"It could very well be that after 2012 the regime will be different and you will then get a regime where you claim such carbon credits," he said. "This is a very, very hot issue in the negotiations on what kind of protocol we will get after 2012. And from an African point of view, this is undoubtedly an important issue. "
Lake Volta was formed in the late 1960s after the construction of the Akosombo Dam. The hardwood beneath the lake is still in good condition, Ghanaian officials say. They estimate more than 14 million cubic meters of hardwood, with a value of around $4 billion, await below the lake's surface.
There are other similar lakes with submerged timber resources across Africa. Under a new plan that rewarded countries for avoiding deforestation, those sources could more easily compete financially with traditional logging.
Un responsable de l’ONU dénonce le manque de financement de projets respectueux de l’environnement en Afrique
APA-Accra (Ghana) Yvo de Boer, secrétaire exécutif de la Convention des Nations unies sur les changements climatiques (CCNUCC), a regretté mardi à Accra que seuls 27 projets aient été financés dans sept pays d’Afrique sur les 3 000 projets en cours dans le monde dans le cadre du mécanisme de développement propre (MDP), a constaté APA.
Il a indiqué, à l’occasion d’un atelier de formation à l’intention des journalistes accrédités à la conférence des Nations Unies sur le changement climatique à Accra, que l’essentiel des projets est financés en Inde et en Chine.
Sur un investissement global de plus 2,4 milliards de dollars, seulement 378 millions de dollars vont à l’Afrique, indique-t-on
Et pourtant l’Afrique, selon Yvo de Boer, l’un des continents les plus touchés par les changements climatiques.
Les négociations sur le changement climatique d’Accra qui s’achèvent mercredi vont aboutir à l’adoption des futurs objectifs de réduction des émissions de gaz à effet de serre.
Des propositions seront faites pour la rédaction d’un nouveau traité devant remplacer le protocole de Kyoto, qui expire en 2012.
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_________________________________________________________________ Le Monde : Climat: Paris plaide pour une alliance Europe-Afrique
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Le ministre français de l'Ecologie Jean-Louis Borloo à plaidé au nom de la présidence française de l'Union européenne en faveur d'une alliance Europe-Afrique dans les négocations sur le climat, lors d'une réunion mardi du Fonds de l'environnement mondial à Cotonou (Bénin).
"Je suis venu vous demander que nous nous aidions mutuellement à convaincre le reste du monde. Il faut changer le caractère irréversible du changement climatique", a-t-il déclaré devant ses homologues représentant 14 pays d'Afrique équatoriale occidentale.
"Nous devons monter ensemble ce processus pour réussir la réunion de Cophenague", a-t-il déclaré.
La Conférence de Copenhague de décembre 2009 doit aboutir à un accord mondial pour la réduction des émissions de CO2 après 2012 à l'expiration de la première phase du protocole de Kyoto.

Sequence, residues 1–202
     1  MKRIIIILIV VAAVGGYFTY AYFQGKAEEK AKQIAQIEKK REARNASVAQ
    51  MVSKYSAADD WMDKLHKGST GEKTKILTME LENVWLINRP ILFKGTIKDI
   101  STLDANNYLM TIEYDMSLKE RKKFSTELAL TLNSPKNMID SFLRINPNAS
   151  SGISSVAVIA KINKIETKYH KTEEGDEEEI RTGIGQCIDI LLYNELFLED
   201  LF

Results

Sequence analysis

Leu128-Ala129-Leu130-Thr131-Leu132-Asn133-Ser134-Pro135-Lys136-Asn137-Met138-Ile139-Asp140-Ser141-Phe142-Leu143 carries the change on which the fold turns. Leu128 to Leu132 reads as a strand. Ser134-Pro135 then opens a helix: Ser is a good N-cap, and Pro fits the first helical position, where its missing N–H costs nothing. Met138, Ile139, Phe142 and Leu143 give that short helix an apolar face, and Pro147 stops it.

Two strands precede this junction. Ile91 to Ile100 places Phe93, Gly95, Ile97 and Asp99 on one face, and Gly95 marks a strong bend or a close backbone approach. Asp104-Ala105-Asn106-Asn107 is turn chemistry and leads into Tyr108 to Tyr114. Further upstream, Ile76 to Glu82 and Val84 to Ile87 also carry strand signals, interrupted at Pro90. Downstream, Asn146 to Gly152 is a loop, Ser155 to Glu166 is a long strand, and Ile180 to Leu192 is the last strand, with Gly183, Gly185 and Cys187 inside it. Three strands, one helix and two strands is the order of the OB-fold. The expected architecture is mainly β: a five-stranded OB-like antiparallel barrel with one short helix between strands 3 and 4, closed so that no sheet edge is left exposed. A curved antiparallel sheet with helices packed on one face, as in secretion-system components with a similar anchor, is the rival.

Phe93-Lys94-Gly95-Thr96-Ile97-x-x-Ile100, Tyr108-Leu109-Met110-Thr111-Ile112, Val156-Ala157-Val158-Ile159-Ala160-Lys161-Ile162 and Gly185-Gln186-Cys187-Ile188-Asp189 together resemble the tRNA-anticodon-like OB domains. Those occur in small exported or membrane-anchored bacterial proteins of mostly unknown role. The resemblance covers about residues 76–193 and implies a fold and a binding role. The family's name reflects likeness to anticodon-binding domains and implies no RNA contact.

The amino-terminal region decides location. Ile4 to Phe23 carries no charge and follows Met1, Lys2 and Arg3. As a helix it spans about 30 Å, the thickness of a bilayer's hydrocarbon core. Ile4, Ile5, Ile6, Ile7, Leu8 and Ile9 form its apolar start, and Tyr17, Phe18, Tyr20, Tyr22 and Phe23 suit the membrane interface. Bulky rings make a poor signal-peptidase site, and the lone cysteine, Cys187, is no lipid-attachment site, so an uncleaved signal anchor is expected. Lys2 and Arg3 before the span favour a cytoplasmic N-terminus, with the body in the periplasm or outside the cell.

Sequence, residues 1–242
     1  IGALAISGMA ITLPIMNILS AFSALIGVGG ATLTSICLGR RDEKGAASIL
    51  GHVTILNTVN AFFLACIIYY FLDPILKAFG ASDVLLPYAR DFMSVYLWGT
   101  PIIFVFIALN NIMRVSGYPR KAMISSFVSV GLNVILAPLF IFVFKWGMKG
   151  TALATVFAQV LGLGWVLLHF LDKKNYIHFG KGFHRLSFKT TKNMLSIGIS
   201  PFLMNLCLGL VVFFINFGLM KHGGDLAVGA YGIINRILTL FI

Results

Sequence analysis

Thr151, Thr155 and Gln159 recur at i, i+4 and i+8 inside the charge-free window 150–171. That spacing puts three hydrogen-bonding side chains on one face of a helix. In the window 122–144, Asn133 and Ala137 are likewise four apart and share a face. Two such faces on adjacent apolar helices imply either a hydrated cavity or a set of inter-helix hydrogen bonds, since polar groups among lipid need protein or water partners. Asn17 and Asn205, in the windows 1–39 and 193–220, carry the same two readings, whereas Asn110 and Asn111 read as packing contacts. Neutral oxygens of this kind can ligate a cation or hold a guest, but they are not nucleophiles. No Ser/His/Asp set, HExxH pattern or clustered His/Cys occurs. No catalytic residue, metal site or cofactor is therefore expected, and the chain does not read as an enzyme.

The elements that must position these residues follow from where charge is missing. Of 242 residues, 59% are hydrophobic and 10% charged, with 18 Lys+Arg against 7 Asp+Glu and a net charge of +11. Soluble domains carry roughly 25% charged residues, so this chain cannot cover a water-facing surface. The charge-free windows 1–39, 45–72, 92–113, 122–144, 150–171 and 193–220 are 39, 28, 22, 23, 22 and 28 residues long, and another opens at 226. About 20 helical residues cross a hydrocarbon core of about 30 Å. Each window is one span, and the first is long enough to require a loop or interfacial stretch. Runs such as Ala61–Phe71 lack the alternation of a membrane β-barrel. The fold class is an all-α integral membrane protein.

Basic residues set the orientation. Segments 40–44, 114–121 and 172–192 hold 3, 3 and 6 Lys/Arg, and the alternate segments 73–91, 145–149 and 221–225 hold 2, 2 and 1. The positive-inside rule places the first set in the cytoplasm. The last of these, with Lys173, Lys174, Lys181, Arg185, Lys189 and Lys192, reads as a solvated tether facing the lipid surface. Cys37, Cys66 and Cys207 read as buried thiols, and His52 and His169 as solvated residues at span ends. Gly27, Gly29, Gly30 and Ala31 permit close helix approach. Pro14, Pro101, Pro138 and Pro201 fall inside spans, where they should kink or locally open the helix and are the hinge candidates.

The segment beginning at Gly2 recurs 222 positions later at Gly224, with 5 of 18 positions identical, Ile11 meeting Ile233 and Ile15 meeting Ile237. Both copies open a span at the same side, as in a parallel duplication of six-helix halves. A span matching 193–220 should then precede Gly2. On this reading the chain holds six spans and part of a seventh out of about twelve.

M. Borloo a souligné également que les mécanismes de développement propre (MDP), destinés à favoriser l'investissement dans des projets "propres" dans les pays pauvres, "ont relativement peu bénéficié à l'Afrique, quasiment pas, ce qui n'est pas normal".
Il a avancé l'idée que "l'Europe qui a la responsabilité historique du réchauffement climatique" étudie avec les pays africains la façon de transférer des flux financiers issus notamment des MDP pour lutter contre la déforestation et développer leurs propres ressources énergétiques.
Les MDP permettent aux pays développés de compenser une partie de leurs émissions en investissant dans un projet "propre" au sud portant sur l'énergie, les déchets, les industries lourdes particulièrement émettrices de gaz à effet de serre ou, dans une moindre mesure, la reforestation.
Le Fonds de l'environnement mondial a été mis sur pied il y a 17 ans, après le sommet de la Terre de Rio de 1992, pour financer des projets de protection de l'environnement.
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1- Caribbean - Tropical Storm Gustav forms in Caribbean
2- Brazil - Fate of Amazon tribes on trial as Brazil awaits reservation ruling
3- Haiti - Hurricane bears down on Haiti
4- Mexico - Storm weakens over Mexico's Baja California
5- Peru - Peru throws out Amazon land laws
6- St- Kitts & Nevis - Nevis Premier leads delegation to Iceland to study geothermal plants
7- Trinidad & Tobago - Trinidad rains cause millions in damages
1- Caribbean - Tropical Storm Gustav forms in Caribbean 08 – 26 – 08 NEW YORK, USA: The US National Hurricane Center said Monday that Tropical Storm Gustav had formed in the central Caribbean, with strengthening of the storm expected to bring hurricane conditions to parts of the Dominican Republic and Haiti within 24 hours.
Gustav, packing winds near 60 mph as of 2 p.m. EDT Thursday, could strengthen into a hurricane prior to moving over land, the NHC said. Hurricanes pack winds in excess of 73 mph.
The storm was located about 225 miles south-southeast of Port au Prince, Haiti, moving northwest near 14 mph.
"On the forecast track the center of Gustav will be moving near or over southwestern Haiti on Tuesday," the NHC said in an advisory.
A hurricane warning was in effect for the south coast of the Dominican Republic, from Santo Domingo westward to the southern border of Haiti.